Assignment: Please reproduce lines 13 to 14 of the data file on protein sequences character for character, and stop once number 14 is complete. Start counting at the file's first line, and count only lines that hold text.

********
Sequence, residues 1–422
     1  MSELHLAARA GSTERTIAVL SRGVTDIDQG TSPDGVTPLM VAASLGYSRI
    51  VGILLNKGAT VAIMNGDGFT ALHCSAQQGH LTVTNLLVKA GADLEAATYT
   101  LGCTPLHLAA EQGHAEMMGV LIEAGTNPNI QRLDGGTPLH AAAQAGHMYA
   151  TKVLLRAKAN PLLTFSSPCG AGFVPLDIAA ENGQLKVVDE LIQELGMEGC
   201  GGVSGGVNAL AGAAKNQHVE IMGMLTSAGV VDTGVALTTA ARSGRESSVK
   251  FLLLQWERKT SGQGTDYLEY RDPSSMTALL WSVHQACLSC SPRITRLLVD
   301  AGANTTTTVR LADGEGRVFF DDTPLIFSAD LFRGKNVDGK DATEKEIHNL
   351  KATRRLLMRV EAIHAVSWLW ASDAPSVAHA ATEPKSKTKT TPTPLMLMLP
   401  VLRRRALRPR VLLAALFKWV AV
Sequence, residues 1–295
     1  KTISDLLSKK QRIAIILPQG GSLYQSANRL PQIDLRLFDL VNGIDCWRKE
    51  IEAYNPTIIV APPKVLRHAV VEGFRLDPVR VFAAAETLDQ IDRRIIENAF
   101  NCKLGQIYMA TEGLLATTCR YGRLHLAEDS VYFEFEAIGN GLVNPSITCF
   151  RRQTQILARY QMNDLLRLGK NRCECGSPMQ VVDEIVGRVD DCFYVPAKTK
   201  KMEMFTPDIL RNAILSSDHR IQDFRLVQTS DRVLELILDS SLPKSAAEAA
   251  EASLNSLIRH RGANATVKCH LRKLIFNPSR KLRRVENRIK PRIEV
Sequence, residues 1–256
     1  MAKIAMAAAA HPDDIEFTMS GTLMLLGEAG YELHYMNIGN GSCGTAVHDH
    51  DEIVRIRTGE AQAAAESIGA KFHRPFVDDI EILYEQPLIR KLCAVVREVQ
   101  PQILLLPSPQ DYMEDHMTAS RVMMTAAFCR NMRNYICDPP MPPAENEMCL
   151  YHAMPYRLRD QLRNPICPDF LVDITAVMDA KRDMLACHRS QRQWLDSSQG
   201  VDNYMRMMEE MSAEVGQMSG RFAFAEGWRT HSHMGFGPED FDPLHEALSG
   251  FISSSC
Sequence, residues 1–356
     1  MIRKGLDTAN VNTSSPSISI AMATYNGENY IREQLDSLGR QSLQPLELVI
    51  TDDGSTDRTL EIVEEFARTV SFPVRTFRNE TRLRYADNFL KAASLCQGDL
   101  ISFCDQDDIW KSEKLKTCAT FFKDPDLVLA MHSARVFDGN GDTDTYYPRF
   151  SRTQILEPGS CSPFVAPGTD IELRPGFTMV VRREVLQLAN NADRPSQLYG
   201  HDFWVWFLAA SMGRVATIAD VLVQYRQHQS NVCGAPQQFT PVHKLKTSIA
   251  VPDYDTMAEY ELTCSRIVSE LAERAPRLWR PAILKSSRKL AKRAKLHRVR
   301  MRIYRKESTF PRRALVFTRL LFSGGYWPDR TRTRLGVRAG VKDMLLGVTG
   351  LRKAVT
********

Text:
    51  IEAYNPTIIV APPKVLRHAV VEGFRLDPVR VFAAAETLDQ IDRRIIENAF
   101  NCKLGQIYMA TEGLLATTCR YGRLHLAEDS VYFEFEAIGN GLVNPSITCF